Westminster Bridge at sunset, London

Budget bombshell

Publication December 2017

From a real estate perspective, the stamp duty land tax concession for first time buyers was the first Autumn Budget announcement to hit the headlines. It took a little more time to absorb the unheralded statement by the government that from April 2019, tax will be charged on all gains made by non-UK residents on the disposal of commercial and residential UK property, extending existing rules that apply to residential property only.

The charge will arise not only on direct, but also indirect disposals. In broad brush terms, if a non-UK resident sells their interest in a property-holding vehicle that is “property rich” and at the date of the disposal the seller holds 25 per cent or more of that entity, there will be a UK tax charge by reference to the increase in the value of the seller’s interest in the vehicle. The vehicle is “property rich” if 75 per cent or more of its value at disposal is derived from UK land and property.

If the seller is a company, the gain will be subject to UK corporation tax (currently 19 per cent, but falling to 17 per cent by 2020). If the seller is an individual or an entity otherwise not subject to UK corporation tax, the gain will be subject to UK capital gains tax (currently 28 per cent for individuals disposing of land).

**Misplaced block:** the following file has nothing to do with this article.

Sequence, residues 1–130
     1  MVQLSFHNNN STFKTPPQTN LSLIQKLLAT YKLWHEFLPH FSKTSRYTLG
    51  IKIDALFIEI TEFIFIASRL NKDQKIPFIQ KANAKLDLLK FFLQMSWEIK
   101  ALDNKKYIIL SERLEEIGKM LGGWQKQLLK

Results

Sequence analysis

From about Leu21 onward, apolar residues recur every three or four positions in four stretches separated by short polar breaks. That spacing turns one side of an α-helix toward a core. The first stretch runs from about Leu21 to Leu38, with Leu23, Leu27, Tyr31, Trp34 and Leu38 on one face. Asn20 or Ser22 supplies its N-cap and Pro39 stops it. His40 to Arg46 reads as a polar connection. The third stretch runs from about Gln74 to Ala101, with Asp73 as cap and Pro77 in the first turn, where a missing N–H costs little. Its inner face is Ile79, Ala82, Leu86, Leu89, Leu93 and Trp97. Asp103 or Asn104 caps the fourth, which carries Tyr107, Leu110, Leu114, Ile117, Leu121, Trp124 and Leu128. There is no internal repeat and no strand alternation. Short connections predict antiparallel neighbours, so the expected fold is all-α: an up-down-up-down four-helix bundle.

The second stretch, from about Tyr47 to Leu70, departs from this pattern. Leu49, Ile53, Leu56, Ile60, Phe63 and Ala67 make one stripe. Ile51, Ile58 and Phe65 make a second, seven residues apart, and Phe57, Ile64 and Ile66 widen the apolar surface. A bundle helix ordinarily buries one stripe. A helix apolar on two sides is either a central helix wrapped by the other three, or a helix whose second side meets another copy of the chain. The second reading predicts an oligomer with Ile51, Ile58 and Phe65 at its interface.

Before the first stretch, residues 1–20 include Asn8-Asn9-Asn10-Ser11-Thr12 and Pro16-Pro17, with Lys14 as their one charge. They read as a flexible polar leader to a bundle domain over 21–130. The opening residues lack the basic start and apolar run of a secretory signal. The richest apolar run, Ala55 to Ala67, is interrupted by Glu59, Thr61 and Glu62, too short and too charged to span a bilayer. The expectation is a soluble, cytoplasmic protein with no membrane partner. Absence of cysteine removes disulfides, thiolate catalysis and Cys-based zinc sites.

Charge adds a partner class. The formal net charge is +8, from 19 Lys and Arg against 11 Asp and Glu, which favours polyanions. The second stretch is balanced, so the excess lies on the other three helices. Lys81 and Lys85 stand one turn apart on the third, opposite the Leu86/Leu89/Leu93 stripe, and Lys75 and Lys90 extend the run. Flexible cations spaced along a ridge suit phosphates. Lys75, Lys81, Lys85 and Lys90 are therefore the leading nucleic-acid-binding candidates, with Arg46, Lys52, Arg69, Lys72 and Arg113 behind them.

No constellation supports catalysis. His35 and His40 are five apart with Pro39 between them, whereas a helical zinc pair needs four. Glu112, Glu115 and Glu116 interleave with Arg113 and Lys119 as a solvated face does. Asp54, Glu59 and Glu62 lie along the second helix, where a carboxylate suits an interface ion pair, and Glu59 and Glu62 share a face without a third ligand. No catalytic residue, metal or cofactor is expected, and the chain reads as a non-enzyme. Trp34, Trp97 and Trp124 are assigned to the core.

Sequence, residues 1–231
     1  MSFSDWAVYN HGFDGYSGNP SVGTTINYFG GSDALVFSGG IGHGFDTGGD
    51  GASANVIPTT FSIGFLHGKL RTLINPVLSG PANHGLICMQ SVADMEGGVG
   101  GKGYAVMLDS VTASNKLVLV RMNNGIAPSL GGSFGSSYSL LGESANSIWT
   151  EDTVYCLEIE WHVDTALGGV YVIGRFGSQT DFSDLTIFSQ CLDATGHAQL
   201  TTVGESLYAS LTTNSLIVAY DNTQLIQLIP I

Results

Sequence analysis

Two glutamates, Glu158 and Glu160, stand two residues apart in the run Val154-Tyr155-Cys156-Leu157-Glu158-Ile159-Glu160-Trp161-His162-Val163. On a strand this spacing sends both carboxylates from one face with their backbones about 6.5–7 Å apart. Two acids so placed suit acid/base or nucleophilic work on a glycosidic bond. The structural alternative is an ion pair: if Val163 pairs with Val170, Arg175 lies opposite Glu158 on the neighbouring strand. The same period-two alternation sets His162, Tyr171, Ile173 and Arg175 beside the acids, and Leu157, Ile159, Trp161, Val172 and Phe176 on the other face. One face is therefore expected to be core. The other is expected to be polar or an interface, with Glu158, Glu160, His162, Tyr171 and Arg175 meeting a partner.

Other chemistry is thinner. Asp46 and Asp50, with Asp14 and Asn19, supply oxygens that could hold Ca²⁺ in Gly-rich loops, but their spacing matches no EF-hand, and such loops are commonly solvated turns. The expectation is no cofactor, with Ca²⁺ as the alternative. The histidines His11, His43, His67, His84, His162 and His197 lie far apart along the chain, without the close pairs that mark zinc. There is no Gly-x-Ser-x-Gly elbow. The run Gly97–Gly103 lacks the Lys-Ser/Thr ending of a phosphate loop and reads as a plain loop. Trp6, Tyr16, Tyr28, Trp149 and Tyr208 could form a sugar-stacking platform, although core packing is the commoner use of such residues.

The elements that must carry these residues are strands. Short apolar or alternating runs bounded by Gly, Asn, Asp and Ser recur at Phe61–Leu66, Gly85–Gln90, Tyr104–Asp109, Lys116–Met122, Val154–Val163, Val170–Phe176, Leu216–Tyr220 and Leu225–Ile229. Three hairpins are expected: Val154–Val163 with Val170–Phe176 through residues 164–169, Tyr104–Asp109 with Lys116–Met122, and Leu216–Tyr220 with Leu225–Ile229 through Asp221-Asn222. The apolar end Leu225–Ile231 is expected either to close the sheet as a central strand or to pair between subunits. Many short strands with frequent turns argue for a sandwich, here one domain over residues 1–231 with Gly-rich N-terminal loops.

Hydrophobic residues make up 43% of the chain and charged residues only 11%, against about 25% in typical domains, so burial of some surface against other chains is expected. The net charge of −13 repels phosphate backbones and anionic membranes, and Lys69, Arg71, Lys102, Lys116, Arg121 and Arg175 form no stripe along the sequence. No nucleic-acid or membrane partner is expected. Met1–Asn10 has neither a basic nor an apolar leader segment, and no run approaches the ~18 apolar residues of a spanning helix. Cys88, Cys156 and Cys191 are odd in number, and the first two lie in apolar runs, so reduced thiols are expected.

Entities that are currently exempt from, or outside the scope of, UK capital gains tax will remain so. This will include overseas pension funds.

These changes represent a significant change in the way in which non-UK residents are taxed when they dispose of UK property or their interest in a property-holding vehicle. It remains to be seen what impact they will have.

Budget footnote: there was good news for business ratepayers tucked away in the small print where it was announced that the controversial “staircase tax” has been reversed. Business tenants occupying separate spaces in an office or other non-domestic building will no longer be taxed as though each space is a separate taxable unit, which will generally result in a considerably lower overall rates bill.

For further information please contact Sian Skerratt-Williams or your usual contact at Norton Rose Fulbright.


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